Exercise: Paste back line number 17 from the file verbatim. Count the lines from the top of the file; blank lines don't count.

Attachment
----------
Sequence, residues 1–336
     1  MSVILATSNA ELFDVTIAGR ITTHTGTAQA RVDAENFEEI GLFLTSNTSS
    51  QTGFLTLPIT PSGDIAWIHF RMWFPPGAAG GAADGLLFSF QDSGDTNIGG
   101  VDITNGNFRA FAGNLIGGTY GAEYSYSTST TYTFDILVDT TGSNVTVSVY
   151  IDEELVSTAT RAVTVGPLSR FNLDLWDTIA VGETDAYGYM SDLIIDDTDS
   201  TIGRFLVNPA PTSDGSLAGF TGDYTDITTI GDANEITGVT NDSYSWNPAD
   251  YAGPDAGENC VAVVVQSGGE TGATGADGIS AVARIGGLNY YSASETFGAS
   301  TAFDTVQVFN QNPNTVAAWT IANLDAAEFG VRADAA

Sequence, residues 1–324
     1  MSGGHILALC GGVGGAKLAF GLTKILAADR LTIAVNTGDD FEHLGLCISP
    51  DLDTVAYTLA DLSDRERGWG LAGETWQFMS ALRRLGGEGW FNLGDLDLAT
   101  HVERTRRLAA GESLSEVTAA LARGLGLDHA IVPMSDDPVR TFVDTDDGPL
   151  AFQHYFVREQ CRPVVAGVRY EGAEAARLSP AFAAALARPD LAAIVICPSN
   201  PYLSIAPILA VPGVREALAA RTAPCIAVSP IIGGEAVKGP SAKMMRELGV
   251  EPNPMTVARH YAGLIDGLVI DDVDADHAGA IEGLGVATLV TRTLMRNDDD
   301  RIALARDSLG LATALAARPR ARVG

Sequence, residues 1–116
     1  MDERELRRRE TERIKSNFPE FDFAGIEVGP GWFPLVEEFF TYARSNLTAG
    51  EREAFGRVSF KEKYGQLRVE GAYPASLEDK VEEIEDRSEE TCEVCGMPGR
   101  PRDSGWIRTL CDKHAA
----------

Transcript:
Sequence, residues 1–116